Bad Division Means Sox Can Be Patient

Sure, the team is mediocre, but so is the rest of the Central

2008 was a year of hope for Sox fans. Picked to struggle by most pundits, the White Sox actually had something of a rebound year, winning their division and riding a wave of late-season momentum to a tiebreaker win over the Minnesota Twins. It was a fun year, and it proved that occasionally, with a few tweaks and a pair of emerging stars, seemingly mediocre teams can still surprise us.

White Sox fans could be forgiven for maintaining that hope for 2009. Unfortunately, the same things most people thought would plague the Sox in 2008 have finally carried over: It's an old team, not a particularly agile one, and beyond Carlos Quentin and Alexei Ramirez it relies largely on unproven youngsters and declining veterans. It's just not a great baseball team. It's a pretty mediocre one. But here's the good news: so is the rest of the AL Central.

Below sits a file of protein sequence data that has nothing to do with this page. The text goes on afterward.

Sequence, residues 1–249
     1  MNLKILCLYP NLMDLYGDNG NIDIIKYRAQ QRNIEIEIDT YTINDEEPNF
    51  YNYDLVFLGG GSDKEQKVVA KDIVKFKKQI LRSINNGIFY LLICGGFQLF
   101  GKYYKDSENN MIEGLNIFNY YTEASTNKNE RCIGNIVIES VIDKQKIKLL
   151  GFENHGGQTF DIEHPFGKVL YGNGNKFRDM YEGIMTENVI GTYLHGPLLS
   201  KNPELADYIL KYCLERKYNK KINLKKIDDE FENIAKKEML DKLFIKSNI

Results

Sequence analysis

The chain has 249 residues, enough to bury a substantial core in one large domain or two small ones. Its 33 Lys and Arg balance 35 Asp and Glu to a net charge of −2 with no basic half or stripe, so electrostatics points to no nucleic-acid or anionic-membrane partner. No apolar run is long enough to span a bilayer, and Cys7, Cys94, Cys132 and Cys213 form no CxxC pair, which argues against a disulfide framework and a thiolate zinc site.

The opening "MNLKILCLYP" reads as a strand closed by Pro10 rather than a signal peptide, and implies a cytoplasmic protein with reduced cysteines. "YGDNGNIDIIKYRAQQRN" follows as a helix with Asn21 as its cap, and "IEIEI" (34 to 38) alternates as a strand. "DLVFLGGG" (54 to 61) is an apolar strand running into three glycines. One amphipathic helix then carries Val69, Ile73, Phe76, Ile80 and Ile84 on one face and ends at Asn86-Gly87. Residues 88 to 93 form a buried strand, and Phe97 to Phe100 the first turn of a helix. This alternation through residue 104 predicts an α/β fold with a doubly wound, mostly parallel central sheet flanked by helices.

In fact, if White Sox fans should have hope (and why not, right?), that should be the leading cause. The AL Central is just bad. Zack Greinke and the Royals have built a slight early advantage, but who thinks that will hold up? The rest of the division is just as mediocre as the Sox. Minnesota, Cleveland, Detroit -- all teams with a few good pieces but nothing that will distinguish them from any of the other four teams in the division. It's just not a very good area this year.

So take heart, White Sox fans. It's a long season. The team is probably only OK this year. But this division ought to remain winnable for the larger part of the year, and if 2008 said anything, it's that just-OK baseball teams need only a few bounces to find themselves back in the playoffs. It could happen again. Why not?

Eamonn Brennan is a Chicago-based writer, editor and blogger. You can also read him at Yahoo! Sports, Mouthpiece Sports Blog, and Inside The Hall, or at his personal site, Follow him on Twitter.

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